Why a Museum?: Additional Factors and Interconnectivity (Part nine)

This post continues to consider the Dawson City Museum’s Role over time in relation to government policy and community action, continuing the discussion with a reflection on additional factors of significance and interconnectivity.

Why a Museum: The Dawson City Museum’s Role (Part one)

Factors beyond policy and community

Within this paper and the Dawson City Museum (DCM) project more broadly, we have examined the DCM’s role and development in relationship to policy and community. Notably, these are not the only factors of importance. A consistent finding across my research is that people do the work of museums and, as a result, they have significant effects on the direction of the institution. The Dawson City Museum Project has highlighted the critical influence of a paid director / curator in determining where the Museum’s focus should be and, therefore, its role. 

The first full time, year round employee provides a key example of how one individual ultimately shapes what the Museum can accomplish. Through her work, the Museum evolved from being a volunteer run seasonal operation to year round institution with staff. She established the use of employment programs to employ people year round, including herself, and articulated the need for a variety of funding sources to support the professionalization of the Museum. Using intersecting sources of funding and earned revenue, she was able to prioritize establishing the Museum as a valuable heritage resource that adhered to the best practices of the day (or at least tried).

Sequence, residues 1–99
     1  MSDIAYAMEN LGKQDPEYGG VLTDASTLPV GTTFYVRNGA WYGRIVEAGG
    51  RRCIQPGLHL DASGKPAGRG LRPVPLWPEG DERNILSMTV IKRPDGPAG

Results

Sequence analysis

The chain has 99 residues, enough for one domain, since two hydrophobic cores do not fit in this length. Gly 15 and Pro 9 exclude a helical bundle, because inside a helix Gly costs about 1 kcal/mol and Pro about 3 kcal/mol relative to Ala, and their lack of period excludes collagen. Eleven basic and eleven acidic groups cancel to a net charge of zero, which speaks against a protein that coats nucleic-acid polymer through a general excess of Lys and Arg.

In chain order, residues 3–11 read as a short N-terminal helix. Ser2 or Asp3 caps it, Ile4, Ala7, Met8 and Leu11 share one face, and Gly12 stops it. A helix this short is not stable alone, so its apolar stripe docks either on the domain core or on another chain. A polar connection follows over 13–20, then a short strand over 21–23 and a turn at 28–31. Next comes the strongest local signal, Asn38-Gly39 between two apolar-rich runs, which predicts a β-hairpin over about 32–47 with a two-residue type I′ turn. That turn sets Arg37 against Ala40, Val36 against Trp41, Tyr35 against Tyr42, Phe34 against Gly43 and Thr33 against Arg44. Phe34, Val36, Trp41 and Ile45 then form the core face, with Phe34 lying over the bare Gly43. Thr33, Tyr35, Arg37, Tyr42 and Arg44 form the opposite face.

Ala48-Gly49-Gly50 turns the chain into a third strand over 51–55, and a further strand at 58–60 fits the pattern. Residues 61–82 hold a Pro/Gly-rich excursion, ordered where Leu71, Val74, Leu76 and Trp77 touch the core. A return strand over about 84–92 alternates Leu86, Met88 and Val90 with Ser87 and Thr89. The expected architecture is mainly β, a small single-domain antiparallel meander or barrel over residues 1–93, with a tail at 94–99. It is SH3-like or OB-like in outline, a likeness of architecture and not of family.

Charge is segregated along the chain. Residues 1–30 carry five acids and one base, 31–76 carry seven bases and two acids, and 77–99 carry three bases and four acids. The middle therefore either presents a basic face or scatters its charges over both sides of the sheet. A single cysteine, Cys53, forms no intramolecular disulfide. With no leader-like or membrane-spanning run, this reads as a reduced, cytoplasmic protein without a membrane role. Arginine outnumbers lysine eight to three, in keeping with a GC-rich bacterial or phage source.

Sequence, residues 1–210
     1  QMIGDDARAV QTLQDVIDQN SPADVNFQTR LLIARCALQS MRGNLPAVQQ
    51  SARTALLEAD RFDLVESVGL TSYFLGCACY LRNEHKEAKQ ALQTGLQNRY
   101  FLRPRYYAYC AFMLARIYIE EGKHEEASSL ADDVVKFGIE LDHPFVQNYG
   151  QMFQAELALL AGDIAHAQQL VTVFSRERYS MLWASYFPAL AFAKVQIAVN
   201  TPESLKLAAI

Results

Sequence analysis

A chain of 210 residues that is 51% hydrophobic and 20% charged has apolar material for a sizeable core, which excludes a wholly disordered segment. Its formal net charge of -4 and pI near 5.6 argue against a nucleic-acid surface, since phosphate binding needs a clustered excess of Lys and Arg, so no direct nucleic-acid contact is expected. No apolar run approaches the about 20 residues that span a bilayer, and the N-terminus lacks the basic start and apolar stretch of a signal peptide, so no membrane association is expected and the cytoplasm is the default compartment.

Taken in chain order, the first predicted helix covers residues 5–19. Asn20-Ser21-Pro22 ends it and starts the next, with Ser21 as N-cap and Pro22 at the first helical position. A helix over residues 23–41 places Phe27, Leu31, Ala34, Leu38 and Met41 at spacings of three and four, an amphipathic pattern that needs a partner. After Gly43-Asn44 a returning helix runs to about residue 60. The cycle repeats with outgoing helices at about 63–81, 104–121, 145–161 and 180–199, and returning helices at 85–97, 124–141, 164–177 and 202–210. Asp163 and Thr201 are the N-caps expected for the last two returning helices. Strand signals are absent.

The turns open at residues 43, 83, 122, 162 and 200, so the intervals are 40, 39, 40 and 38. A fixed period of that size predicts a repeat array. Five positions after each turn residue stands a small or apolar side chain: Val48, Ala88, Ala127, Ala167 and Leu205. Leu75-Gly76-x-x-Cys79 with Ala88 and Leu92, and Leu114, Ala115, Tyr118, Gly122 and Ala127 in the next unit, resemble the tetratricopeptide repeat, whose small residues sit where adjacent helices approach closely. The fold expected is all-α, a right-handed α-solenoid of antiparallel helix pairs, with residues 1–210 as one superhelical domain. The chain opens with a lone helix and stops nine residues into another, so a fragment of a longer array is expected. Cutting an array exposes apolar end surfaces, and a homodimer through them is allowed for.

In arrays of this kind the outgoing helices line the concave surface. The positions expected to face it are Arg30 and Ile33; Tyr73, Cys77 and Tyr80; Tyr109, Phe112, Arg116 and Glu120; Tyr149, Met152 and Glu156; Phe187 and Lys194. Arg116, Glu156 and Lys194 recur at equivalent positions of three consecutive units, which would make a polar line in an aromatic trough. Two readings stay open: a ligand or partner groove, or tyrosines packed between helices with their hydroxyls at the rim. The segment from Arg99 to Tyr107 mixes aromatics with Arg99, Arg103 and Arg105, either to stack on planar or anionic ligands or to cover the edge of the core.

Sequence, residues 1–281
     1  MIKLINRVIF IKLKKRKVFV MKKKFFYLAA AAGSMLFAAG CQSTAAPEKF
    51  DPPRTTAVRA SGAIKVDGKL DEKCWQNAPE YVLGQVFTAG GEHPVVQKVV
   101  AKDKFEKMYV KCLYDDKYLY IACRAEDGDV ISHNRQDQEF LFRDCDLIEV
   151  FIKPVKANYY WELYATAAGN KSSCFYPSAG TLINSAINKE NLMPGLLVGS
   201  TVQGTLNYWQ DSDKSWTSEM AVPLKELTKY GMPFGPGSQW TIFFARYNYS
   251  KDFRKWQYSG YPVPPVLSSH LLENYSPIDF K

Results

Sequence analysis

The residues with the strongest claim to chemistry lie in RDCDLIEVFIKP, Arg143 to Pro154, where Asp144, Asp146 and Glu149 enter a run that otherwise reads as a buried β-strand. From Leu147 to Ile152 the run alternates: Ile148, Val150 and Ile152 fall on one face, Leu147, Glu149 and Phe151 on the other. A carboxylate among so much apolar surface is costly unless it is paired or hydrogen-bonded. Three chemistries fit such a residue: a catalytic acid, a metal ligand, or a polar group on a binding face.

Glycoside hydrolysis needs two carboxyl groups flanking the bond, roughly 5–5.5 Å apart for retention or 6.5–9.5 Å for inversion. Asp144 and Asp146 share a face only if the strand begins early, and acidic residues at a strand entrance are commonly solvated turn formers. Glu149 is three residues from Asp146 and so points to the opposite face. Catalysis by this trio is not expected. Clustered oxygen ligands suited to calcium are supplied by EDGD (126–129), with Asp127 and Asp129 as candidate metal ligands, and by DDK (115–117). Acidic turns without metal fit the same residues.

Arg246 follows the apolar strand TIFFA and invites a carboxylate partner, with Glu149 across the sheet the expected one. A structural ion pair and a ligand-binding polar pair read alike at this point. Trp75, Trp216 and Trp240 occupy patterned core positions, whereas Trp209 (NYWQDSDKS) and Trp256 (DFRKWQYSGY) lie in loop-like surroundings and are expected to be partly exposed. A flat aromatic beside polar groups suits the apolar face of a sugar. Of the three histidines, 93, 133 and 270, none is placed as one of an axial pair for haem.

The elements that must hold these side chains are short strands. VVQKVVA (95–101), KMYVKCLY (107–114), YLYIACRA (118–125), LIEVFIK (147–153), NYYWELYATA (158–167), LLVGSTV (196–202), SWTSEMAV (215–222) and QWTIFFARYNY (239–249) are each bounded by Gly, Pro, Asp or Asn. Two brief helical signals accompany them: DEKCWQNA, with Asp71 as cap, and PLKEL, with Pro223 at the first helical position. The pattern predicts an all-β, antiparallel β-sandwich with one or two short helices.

The influence of an individual director and their priorities is also evident when looking at who was employed in addition to a director in the 21st century. Within their budget, the DCM can most comfortably employ two people full-time, year-round – that is, a director and one other position (Interview 1). From 2008 to 2011, the Museum employed a Program Manager who was able to seek external funding to engage in projects with the school. The position was not filled after the departure of a Program Manager in 2011. The Director then chose to prioritize collection and curation work instead of programming. Collaboration with the school became minimal. As stated in a review of the Director’s first five years (2007-2012):

Educational programming for schools has been plagued by the lack of consistent staffing.  Programs have been developed but without a program manager in place, they are being suspended.  The programs that have been developed including A Night in the Museum (sponsored by Yukon Energy) and the Museum kit “Simple Tools” (also sponsored by Yukon Energy) have been very positively received. 

Dawson City Museum Digital Files

Before departing the Museum in 2015, the Director attempted to expand the museum staff to include a curator, archivist, and interpreter, but the Museum did not have the budget to sustain the increase. When the interpreter stepped into the Director position, he made the decision to prioritize the curator who was working on an exhibit renewal, which could be supported with grants for upcoming projects, rather than the archivist.